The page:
This game is truly one of a kind. Set in early 50's Los Angeles during one of the more bloody years at that time. You take control of Cole Phelps who just came back from the war who works his way up from a small time cop all the way to detective and its a great ride the whole way through. Its definitely a different style of game, one that most people certainly aren't used to, its a slower paced game but its well worth it. You're a cop, so its different from a game like Grand Theft Auto or Saints Row. Its a breath of fresh air thats for sure. The new facial technology wowed many gamers including myself. The real passion , intensity and sorrow the actors portray in the game is simply mind blowing. Doing the detective work, asking questions looking for clues in a persons face while investigating as well as looking for any evidence at crime scenes is great. Sometimes you can miss things and get things wrong which gives re-playability to get everything correct the first time. Its not all just trying to solve crimes, there are side missions , trying to stop shootouts so there is high level action . Well worth buying
Flawed in its deceit mechanic, but still very enjoyable.zachoines | Sept. 17, 2013 | See all zachoines's reviews »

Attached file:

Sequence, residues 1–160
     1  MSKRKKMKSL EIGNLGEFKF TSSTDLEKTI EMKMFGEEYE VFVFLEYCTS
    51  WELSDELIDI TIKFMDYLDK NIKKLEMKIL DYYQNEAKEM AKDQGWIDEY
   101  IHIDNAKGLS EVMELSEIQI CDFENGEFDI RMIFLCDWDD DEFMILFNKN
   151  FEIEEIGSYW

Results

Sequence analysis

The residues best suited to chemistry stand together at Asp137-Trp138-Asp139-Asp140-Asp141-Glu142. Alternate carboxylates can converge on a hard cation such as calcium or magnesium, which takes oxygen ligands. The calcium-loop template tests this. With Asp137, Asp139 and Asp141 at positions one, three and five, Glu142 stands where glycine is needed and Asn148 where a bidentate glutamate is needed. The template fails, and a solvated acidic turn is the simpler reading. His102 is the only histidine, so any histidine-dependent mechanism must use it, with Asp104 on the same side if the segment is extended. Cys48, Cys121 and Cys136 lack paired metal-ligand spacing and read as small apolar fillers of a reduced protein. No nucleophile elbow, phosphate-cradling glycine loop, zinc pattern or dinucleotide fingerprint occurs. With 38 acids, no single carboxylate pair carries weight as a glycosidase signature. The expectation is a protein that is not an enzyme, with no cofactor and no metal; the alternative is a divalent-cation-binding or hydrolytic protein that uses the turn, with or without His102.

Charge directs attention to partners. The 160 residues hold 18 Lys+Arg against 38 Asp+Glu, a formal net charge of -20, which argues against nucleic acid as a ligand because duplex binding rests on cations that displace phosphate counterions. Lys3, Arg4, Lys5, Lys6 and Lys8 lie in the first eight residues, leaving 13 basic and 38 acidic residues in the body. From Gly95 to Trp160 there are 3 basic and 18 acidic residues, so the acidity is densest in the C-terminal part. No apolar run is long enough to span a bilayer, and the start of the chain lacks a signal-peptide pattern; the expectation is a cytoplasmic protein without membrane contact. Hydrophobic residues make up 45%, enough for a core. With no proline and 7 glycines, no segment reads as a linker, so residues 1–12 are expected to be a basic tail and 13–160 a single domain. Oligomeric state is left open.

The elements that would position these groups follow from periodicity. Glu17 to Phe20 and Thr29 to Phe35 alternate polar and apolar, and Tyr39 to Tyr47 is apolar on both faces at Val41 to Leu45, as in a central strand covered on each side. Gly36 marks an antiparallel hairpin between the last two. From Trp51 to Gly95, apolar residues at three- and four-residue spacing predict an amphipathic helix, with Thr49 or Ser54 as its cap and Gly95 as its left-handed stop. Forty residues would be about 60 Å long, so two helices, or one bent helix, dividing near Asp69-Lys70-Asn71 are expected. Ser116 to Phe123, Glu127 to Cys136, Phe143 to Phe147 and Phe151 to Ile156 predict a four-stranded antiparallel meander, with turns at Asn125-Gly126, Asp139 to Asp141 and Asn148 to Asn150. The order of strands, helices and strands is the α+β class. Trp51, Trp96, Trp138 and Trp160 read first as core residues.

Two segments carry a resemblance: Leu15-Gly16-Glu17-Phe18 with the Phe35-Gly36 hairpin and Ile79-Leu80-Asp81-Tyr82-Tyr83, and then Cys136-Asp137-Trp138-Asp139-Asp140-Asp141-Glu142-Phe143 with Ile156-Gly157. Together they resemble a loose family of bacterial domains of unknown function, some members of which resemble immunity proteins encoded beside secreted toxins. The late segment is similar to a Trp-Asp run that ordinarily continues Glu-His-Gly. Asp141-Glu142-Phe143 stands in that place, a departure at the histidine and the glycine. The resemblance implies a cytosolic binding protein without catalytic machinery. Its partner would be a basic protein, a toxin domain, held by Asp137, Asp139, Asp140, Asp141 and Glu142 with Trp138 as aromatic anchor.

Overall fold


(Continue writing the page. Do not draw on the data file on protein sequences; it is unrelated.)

The only thing that I had against with this game was the deceit mechanic. Now, believe it or not, the mechanic in the game is an actual thing detectives use in the real world. I personally have studied lie detection through facial muscle movements, speech peculiarities, and other various behavioral cues in college. Based on what I know, I have to give this deceit mechanic in the game praise, but also scorn for some fundamental flaws. First off, I have to give credit to the game for its accuracy of the behavioral cues to deceit that it does employ. The muscle movement patterns on various characters faces during moments of increased emotional arousal do actually match quite well with real human behavior. However, this is the only thing in regards to the games deceit mechanic that is actually accurate. Everything else such as the intensity of the emotion actually reasonably felt by a character versus the intensity of the emotion shown in the character’s behavior, the symmetrically of the muscles movements in a characters face, the lack of other felt emotions that would be reasonably felt by the characters in an interrogation during moments of emotional arousal, and other various subtleties that actual detectives and lie catchers use to catch deceivers are not employed or are misused. But, I do understand why the developers had to do this. The average gamer cannot understand nor pick up on the subtleties of actual human behavior during times when an individual may be deceiving. Additionally, it is extremely difficult for an individual (or the actors for Rockstar games in this case) to recreate these said subtleties. In other words, Rockstar games had to create a streamlined lie detecting experience for the average gamer at the cost of true realism. However, I will not hold this against the developers, but I will hold the second flaw that I noticed in this mechanic against them. This flaw has to do with the obviousness of the emotions the characters felt during the times they were lying when compared to the times they were not. During the many interrogation scenes in the game, when a character decides to lie, their face and body will contort violently in all sorts of ways, and when they are not lying, these same characters will show absolutely no movement at all. After a while of playing the game, the mechanic no longer involves discerning which emotions the characters are actually feeling, but rather it boils down to whether or not the character’s faces are contorting in all sorts of mannerisms. In other words, it becomes a game of spotting whether or not the characters faces are moving or not. This essentially defeats the purpose of having accurate (although note purely realistic) movements in the face and body in the first place, and serves to cheapen the mechanic. All in all though, I found this game to be most enjoyable and a definite recommend for those who want a complex crime solving experience.